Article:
The brown bee

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Curly green finger's 

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Hi morning, can anyone forward any details on the above title pls.
Do they still exist?.
By what I'm reading black bees from france and Holland were crossed with Italians to produce the brown bee for the moors ( mongrels)?
If you have and info can you share pls.
Cheers
Mark.
 

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By what I'm reading black bees from france and Holland were crossed with Italians to produce the brown bee for the moors ( mongrels)?
If you have and info can you share pls.
Cheers
Mark.
NEVER heard nor read anything like that, and I've read extensively on the History of bees and bee breeding (I'm especially interested in pre WW2 beekeeping). I'd be VERY interested to read what you have been "reading" can you give a Link or name, etc.

However what I have read, after the Isle Of Wight Disease spread throughout the British Isles in the early 1900's, is that beekeepers (Individuals, Associations and Suppliers, etc.) imported large quantities of skeps mainly from Holland (genetic analysis here in Ireland shows some French A.m.m. as well) of their Black Bee the Apis mellifera mellifera. When I translate articles from German into English the term Brown often is used instead of Black - Brother Adam did this as well. That deals with your "black bees from france and Holland".

Brother Adam did not like the Swarmyness of the Dutch bees, so he opted to use the French bees (brought in from Gales Apiary, just south of Paris), he crossed their Drones with a northern Apis mellifera ligustica virgin, sometimes called a Ligurica, (Rob Manley did the same, it got rid of the aggression apparently), her name was B1 and from this all Buckfast bees are descended, he ONLY mated them on the moors (they were not bred "for the moors"), but after WW2 only took them to the moors for a honey crop less than 50% of the time because he felt that the nectar flow wasn't worth the effort. So that addresses your "crossed with Italians to produce the brown bee for the moors" I'm guessing.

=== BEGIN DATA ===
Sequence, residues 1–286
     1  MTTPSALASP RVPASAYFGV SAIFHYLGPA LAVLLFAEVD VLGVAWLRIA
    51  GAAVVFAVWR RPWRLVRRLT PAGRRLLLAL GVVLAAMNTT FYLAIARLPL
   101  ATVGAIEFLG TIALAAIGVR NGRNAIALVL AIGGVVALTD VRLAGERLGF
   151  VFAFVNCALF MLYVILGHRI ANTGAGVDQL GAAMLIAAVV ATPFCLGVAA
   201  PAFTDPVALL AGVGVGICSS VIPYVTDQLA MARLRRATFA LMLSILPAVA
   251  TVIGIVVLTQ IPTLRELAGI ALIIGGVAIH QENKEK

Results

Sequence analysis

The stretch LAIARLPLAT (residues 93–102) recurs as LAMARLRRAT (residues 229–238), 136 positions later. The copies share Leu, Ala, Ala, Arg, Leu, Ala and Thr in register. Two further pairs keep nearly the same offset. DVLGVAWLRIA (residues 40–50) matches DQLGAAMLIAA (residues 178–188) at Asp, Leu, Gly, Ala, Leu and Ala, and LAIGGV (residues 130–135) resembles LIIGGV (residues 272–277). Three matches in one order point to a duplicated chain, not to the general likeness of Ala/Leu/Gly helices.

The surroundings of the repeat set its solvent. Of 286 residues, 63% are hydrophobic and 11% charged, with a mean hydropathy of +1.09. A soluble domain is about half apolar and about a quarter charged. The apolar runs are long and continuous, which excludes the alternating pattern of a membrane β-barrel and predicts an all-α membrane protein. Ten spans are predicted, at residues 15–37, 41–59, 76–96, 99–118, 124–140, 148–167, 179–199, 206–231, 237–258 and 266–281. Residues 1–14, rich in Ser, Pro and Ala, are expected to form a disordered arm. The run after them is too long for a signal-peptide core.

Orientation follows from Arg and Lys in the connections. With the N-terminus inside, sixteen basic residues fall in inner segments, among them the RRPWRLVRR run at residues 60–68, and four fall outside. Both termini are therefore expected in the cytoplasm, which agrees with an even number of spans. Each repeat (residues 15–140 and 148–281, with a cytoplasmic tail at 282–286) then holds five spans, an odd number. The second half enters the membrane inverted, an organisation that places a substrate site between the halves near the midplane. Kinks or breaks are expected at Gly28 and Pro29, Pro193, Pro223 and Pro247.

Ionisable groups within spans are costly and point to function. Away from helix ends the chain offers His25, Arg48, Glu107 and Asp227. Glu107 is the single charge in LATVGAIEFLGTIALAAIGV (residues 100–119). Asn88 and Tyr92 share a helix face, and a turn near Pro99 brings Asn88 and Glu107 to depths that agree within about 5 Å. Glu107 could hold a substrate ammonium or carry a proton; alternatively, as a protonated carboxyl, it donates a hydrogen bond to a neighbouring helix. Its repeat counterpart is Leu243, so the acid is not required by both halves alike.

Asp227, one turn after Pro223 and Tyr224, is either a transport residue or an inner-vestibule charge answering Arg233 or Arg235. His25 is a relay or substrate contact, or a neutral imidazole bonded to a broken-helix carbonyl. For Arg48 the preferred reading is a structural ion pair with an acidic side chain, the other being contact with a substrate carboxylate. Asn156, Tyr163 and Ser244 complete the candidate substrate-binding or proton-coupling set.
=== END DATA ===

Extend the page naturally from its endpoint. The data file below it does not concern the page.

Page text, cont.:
As for "mongrels", just remember if the crossing between two animals with sufficient genetic differentiation (ie: different Breeds or sub-species, as in this case) is known and intentional then the off-spring should not be called mongrels, technically it would be a hybrid, after some generations (Brother Adam stated about ten years) the characteristics of the hybrid's offspring can be stabilized and this would be referred to as a Breed, such as the Buckfast breed of bee.

I don't like using nick names (although I often do it), which is what is happening when we use the term Black or Brown or maybe native in some cases, as it can be misleading, as I think this may have heppened here, I too was intially confused about the reference to the Brown Bee in old literature.
 

mbc 

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Hi morning, can anyone forward any details on the above title pls.
Do they still exist?.
By what I'm reading black bees from france and Holland were crossed with Italians to produce the brown bee for the moors ( mongrels)?
If you have and info can you share pls.
Cheers
Mark.
Griff Jenkins, a famous breeder of native bees just twenty or so miles up the road from me, always maintained that some of his best native stock were brown rather than black in colour.
 

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It seems quite straight forward from reading that;

It appears the nicknames Black and Brown are being used for the same sub-specie, the A. m. mellifera, but there does appear to be a claim that the Brown (maybe more brown than other A.m.m.) are mainly from Holland.

The nicknames Dutch and Heath are both used for the same bee: Dutch to designate from where they originate and Heath for what they are known to mainly forage on, in their homeland.

SO, in answer to your question... YES, the Brown Bee is the Dutch Bee (also referred to as the Heath Bee), the Brown Bee is a strain within the Black Bees (so the book would seem to claim) and they are all A.m.m.

Here in Ireland there was a genetic survey done in 2017, the bees were tested to determine from where they came from, the largest group was Dutch, I think from memory two thirds of our Am.m. bees here are from Holland.
 

rolande 

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Brown is, I think, the term that Robson uses at chain Bridge to describe his bees. If I remember correctly he mentioned in the first edition of his book - Reflections on Beekeeping - that he occasionally sees colonies of black bees which he thinks are probably throwbacks to the 'old English bee'.

'Brown' was certainly the general description of the Dutch bees as used by such as Manley although he clearly differentiated the French stock as 'black'.
 
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